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Students’ Perceptions of Tablet PC Interaction Techniques

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2012 ASEE Annual Conference & Exposition


San Antonio, Texas

Publication Date

June 10, 2012

Start Date

June 10, 2012

End Date

June 13, 2012



Conference Session

Tablets Large and Small

Tagged Division

Computers in Education

Page Count


Page Numbers

25.1197.1 - 25.1197.15



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Paper Authors


Mahnas Jean Mohammadi-Aragh Virginia Tech Orcid 16x16

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Jean Mohammadi-Aragh is a Ph.D. student in the Department of Engineering Education. Before attending Virginia Tech, she earned her B.S. and M.S. degrees in computer engineering from Mississippi State University and worked full-time in a scientific visualization research lab. Currently, she is a Dean's Teaching Fellow and ENGE Ambassador. She is teaching a freshman engineering course while pursuing her research interests involving technology use in the engineering classroom.

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Christopher B. Williams Virginia Tech

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Students’ Perceptions of Tablet PC Interaction TechniquesIncreasingly, engineering programs are requiring their students to bring personalcomputers to class in order to engage in technology-centered instructional activities.Anecdotally, instructors have noted both advantages and disadvantages of technology inthe classroom. One of the strongest advantages is the potential to increase studentinteraction in large lectures via engaging media, interactive polling, or computer-basedthink-pair-share activities. Many learning theories stress the importance of attention, andit is believed that this increased interaction will promote attention and thus result inincreased learning. However, these perceived advantages could be offset by thetremendous distractions provided by an internet-connected computer.In order to gain an understanding of student and instructor computer usage in engineeringclassrooms, the authors conducted a preliminary action research study of a first-yearengineering course wherein students used personal TPCs. The objective of the study is toexplore the instructional use of Tablet PCs (TPCs) and the student-perceived effects onlearning. In the studied course, instructors used course management software was usedprimarily to distribute course content (e.g., slides) to students. In addition, the softwarewas used to implement various instructional interventions including polls, electronic ink,and screen broadcast. In order to gain preliminary insight into the effectiveness of thesecomputer-based instructional strategies, students rated the various interventions’ potentialimpact on personal learning via a survey instrument. Students were also asked to explaintheir reasoning behind their ratings. Finally, a selection of TPC interventions weredirectly compared to more traditional lecture methods (e.g., electronic ink versus writingon the chalkboard).It is the authors’ hope that, from these preliminary results, instructors will be betterinformed in choosing which student-instructor interaction methods to use in atechnology-infused classroom. This is relevant as effectively using new technology in acourse requires additional instructor time commitments for technology familiarizationand course planning. Sharing “best practices” is a way to reduce the time requirementwith regards to planning, and to possibly increase technology adoption levels forinstructors.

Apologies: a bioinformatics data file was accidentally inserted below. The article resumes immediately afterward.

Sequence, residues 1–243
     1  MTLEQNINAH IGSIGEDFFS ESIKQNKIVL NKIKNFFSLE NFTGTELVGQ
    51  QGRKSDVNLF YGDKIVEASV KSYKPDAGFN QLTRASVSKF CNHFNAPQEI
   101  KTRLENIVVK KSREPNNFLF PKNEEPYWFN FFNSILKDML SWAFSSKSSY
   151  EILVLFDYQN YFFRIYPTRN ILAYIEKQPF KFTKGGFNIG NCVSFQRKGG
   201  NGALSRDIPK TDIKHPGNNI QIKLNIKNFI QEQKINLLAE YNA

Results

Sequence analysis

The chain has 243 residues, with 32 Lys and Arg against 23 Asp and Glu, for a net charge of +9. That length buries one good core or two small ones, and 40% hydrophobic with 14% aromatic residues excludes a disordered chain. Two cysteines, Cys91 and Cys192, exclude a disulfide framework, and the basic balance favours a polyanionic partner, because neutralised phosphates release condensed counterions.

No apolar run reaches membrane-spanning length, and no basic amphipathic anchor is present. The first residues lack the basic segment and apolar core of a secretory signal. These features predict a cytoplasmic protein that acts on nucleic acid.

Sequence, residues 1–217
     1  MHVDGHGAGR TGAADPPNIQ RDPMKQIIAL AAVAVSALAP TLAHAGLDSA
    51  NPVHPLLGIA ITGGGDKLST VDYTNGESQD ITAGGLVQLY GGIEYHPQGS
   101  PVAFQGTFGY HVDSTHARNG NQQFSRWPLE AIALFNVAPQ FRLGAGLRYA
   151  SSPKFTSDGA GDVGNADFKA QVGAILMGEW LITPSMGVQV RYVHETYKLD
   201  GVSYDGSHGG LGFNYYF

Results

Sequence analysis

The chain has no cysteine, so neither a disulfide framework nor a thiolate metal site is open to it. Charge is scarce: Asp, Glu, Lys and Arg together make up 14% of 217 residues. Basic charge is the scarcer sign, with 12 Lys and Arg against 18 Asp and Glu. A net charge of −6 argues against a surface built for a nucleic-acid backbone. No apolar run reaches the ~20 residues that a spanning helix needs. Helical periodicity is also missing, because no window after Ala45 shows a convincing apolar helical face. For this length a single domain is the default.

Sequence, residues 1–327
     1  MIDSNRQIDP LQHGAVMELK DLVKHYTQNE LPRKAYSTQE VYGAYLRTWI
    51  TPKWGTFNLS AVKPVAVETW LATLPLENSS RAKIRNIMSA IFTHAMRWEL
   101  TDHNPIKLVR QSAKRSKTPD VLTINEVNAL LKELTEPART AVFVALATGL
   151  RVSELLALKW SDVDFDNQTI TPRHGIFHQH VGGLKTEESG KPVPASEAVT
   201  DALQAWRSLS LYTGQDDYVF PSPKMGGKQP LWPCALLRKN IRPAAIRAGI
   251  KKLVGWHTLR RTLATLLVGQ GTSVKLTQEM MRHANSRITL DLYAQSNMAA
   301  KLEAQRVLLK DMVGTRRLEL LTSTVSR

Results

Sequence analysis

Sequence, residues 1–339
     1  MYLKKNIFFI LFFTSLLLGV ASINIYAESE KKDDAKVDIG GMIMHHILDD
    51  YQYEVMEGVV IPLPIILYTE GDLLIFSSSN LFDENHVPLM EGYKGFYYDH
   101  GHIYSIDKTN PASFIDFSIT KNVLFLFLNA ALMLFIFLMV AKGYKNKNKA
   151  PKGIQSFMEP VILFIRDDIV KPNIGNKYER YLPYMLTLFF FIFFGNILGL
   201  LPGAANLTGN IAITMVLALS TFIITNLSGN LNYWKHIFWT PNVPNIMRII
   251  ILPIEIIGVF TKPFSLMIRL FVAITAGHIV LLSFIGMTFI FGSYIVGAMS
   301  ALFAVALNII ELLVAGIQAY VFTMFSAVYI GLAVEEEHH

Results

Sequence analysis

Mohammadi-Aragh, M. J., & Williams, C. B. (2012, June), Students’ Perceptions of Tablet PC Interaction Techniques Paper presented at 2012 ASEE Annual Conference & Exposition, San Antonio, Texas. 10.18260/1-2--21954

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